One accommodation you might want to check out in Bann Kunpra (Baan Kunpra?). It's a cluster of wooden buildings along the river. You'll find it listed in the accommodation section for Ayutthaya. I try to stay there every time I'm in Ayutthaya, but sometimes I haven't been able to get a room. It is a bit of a walk (2 km maybe?) or a short fish head ride to the rest of the backpacker area in the city. Best of all is the restaurant right on the banks of the river for great meals.
You might also want to read my trip report for Ayutthaya. It is unfortunately getting a bit dated now, but there may be some good info in there for you anyway. Cheers.
Cool - what a great site this is! Thanks to you! Tilapia - Is it easy to find a place to stay in Si Satchanalai? By the way, i am not worried about whether or not people speak english, as i have a pretty good vocab in Thai from when i lived there - and i am sure more will come back quickly.
I will have a boo at that trip report too exacto.
#7 pilinka has been a member since 9/2/2009. Posts: 7
Yes, there are places to stay in the village there, on the Yom River. When I was there they were completely empty. The village (at least when I was there) had a real hippy feel to it with a handful of small galleries and homes of artisans, mostly painters. It was really nice and quiet. I can't speak for any of the guest houses, though, as I didn't have time to stay over. I don't know anything about prices, but what I saw looked very nice.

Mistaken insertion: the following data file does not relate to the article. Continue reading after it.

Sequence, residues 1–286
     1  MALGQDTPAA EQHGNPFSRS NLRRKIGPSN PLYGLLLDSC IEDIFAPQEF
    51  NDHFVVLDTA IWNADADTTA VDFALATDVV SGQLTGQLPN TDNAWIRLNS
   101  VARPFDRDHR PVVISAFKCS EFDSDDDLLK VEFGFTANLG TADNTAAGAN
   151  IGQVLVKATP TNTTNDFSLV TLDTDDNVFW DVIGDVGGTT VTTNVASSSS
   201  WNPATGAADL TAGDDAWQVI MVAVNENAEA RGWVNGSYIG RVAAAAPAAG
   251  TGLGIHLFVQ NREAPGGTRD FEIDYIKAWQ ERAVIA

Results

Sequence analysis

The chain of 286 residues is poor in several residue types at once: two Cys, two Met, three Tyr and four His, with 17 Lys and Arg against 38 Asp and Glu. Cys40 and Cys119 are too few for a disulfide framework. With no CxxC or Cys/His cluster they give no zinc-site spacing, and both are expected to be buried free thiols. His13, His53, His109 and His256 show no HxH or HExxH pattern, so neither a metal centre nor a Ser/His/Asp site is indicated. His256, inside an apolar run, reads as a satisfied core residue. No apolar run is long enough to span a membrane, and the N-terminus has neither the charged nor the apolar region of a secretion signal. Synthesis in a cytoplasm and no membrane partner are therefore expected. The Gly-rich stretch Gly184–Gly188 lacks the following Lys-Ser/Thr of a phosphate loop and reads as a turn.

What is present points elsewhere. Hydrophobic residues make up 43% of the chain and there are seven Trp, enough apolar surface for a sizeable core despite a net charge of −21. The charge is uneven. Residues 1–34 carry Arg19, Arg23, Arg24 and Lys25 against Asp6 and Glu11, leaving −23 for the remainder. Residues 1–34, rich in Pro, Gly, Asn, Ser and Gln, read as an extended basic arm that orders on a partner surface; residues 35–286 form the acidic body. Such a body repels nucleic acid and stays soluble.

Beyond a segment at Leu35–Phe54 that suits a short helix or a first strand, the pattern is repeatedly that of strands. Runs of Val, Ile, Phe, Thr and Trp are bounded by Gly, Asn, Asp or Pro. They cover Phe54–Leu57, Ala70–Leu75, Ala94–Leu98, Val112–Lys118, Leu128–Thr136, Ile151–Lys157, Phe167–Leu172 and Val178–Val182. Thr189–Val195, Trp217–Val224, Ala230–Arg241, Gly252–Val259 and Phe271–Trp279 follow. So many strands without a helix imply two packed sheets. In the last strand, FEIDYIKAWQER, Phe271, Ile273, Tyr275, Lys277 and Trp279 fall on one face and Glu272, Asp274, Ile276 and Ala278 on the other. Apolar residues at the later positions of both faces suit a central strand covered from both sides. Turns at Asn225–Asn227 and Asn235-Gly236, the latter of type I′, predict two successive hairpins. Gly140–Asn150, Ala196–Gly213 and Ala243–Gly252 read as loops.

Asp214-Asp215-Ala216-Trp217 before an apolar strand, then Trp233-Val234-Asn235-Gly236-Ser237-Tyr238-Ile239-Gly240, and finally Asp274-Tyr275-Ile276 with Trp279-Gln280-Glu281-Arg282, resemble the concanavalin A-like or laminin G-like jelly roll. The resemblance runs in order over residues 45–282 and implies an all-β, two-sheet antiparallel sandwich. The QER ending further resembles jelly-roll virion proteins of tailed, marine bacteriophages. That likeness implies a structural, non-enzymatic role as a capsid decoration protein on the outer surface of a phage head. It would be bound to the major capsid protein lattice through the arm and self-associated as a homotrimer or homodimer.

If you go, the best way to get there, in my opinion, is to take the train to Phitsanulok , then hop on a bus or songthaew to Sukhothai , then rent a motorbike for a couple of days. There are two good roads that go fairly directly, and the one that leads north from the Old City of Sukhothai is the most quiet and scenic with almost no traffic except sugar cane trucks. The road is quite rural. You'll see the mountains of Mae Ping National Park rising up to the west and you'll be surrounded by sugar fields and rice paddies. It is also very well signed, and unless you're not looking you cannot miss the signs for the historical park.
You can see these roads and what's around them on Google Maps and Google Earth. Unless you're obsessed by Thai temple architecture and archeological sites, the area is good for a day trip from Sukhothai, or an overnighter if you want to stay in a really nice, very quiet spot. Otherwise, a few days.
Don't miss Sukhothai, though. Especially at sunset. And Wat Yai in Phitsanulok has a "must-see" main sanctuary with one of Thailand's most sacred Buddhas. The temple is right by the main bridge going over the Yom River on the road to Sukhothai. If you are on the bus, and you speak Thai, just ask the driver to let you off on the other side of the bridge when you're coming back from Sukhothai. The temple will be right in front of you. It's an easy, short walk from there to the train station.
I like both cities. In my view, Ayutthaya is more user-friendly due to proximity to markets, lots of guesthouses and midrange options, AND the transportation links to Bangkok. The train station is close.... just across the river. Elephant Kraal has a bunch of baby elephants and they are fun to watch, pet, feed, etc.
#9 scomoore1 has been a member since 30/7/2006. Posts: 33